Aileen says her grandfather was a great team player, very caring but also tough. “Nothing seemed to intimidate him, he appeared to be fearless yet I think he calculated the risks. Despite all his achievements, he remained grounded. This giant of a man, so strong physically and mentally and yet he wasn’t afraid to express his emotions.

Despite his front-row seat to the golden age of Antarctic exploration, Crean’s incredible exploits were largely unknown for decades. He retired from the navy in 1920 and returned home. But the Ireland Crean came back to was, in the words of WB Yeats’ Easter, 1916 poem, “changed, changed utterly” by the uprising that same year. 

Soon Crean’s family was caught up in the subsequent war for independence: his brother Cornelius, who was a sergeant in the Royal Irish Constabulary, was shot dead by the Irish Republican Army in 1920, just a month after Tom returned home from the navy.

Then, his wife Nell, whom he married in 1917, went to a rally to commemorate Thomas Ashe, one of the leaders of the Easter Rising who was from the nearby townland of Kinard and who died while on hunger strike in jail in 1917. After the rally, the Black and Tans – irregular forces used to bolster British army forces in Ireland during the war – came to the Crean family home and held Tom at gunpoint. Nell, who was heavily pregnant with her daughter Katie at the time, always blamed the trauma for the fact that her daughter was born sickly. Katie had epilepsy and died in 1924.

After all of this, Crean put away his medals and his ceremonial dress sword and rarely spoke of his role in three of Britain’s most significant polar expeditions. 

“It was the political climate but it was also as if he’d closed a chapter in his life. He didn’t talk about it, he didn’t give interviews,” said Aileen.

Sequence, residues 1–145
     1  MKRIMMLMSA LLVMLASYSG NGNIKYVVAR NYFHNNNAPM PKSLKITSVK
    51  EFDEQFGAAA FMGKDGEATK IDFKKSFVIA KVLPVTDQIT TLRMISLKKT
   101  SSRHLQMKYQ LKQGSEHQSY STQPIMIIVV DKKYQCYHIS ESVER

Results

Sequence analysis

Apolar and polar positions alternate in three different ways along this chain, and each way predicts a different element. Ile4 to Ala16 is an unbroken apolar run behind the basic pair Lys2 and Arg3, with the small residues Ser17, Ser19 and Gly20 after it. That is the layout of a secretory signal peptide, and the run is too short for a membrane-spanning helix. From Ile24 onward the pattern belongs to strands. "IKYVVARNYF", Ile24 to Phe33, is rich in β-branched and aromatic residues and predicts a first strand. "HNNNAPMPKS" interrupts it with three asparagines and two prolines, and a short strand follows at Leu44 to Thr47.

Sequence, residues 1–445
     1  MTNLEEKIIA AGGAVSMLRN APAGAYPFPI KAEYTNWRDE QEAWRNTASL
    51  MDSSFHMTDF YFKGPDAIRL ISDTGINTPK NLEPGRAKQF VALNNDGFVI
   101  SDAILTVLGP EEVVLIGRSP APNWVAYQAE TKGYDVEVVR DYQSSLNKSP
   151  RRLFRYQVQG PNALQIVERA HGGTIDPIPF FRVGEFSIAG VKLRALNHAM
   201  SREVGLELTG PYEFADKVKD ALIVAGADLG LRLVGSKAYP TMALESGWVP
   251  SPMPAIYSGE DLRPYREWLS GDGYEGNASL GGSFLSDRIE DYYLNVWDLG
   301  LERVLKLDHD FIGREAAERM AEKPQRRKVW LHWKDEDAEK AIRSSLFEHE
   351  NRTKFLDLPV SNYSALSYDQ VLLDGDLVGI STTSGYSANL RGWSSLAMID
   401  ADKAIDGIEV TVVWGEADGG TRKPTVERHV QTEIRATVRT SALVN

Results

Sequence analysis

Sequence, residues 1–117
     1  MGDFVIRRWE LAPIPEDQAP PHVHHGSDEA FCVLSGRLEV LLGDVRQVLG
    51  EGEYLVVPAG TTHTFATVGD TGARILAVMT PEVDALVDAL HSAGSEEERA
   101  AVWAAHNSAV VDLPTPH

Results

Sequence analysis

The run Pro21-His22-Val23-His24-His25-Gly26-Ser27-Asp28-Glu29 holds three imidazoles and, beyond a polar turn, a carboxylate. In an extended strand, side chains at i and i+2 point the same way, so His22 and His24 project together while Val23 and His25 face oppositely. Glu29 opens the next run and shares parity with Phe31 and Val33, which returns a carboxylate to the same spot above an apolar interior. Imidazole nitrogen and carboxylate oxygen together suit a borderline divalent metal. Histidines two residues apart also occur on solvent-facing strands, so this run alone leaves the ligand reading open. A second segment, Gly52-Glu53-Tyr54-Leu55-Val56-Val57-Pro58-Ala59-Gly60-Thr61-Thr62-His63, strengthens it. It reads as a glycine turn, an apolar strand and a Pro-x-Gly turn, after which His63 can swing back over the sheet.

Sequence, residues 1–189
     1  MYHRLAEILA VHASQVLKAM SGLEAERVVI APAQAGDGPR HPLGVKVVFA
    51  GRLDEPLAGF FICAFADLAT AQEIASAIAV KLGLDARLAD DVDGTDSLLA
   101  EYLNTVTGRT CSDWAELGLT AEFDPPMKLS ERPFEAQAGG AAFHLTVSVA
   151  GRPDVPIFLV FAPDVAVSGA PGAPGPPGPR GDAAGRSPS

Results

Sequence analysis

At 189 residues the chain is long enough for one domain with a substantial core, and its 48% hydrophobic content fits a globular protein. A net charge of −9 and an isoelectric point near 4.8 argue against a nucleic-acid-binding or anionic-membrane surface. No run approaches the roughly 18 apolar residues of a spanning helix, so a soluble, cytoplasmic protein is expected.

Instead, Tom and Nell devoted themselves to running their pub, the South Pole Inn, in Annascaul. Crean, who bought the pub years before, contented himself with sitting quietly on the village bridge, watching the world go by, or walking his beloved dogs along the beaches. He also regularly walked to the local railway station to pick up the English papers. He especially liked the Daily Mail because it listed naval appointments and retirements. 

During the British Imperial Trans-Antarctic Expedition, Sir Edmund Shackleton’s boat Endurance sinks in the pack ice of the Weddell Sea while sled dogs sit and watch. Photo: George Rinhart/Corbis via Getty Images

In Honouring Tom Crean, the book she wrote with Bill, Aileen tells how Tom was nicknamed ‘Funny’ by the Knightly family who lived in the railway house where he collected his newspapers. 

She tells me that Tom used to go walking with children from the village and when he returned home, he would always bathe his battered feet, still marked by the ravages of frostbite. The children always desperately wanted to see his feet – they thought there would be actual bite marks on his toes – but usually Nell would chase them away. One day they got in and found that his toes were intact and it was a huge disappointment. “He was no longer their hero,” Aileen laughs.

Crean died of complications from appendicitis in 1938, and for decades his story was buried in the mists of time. Even his family didn’t know the full details of his exploits, although Aileen recalls that she always knew her grandfather was special.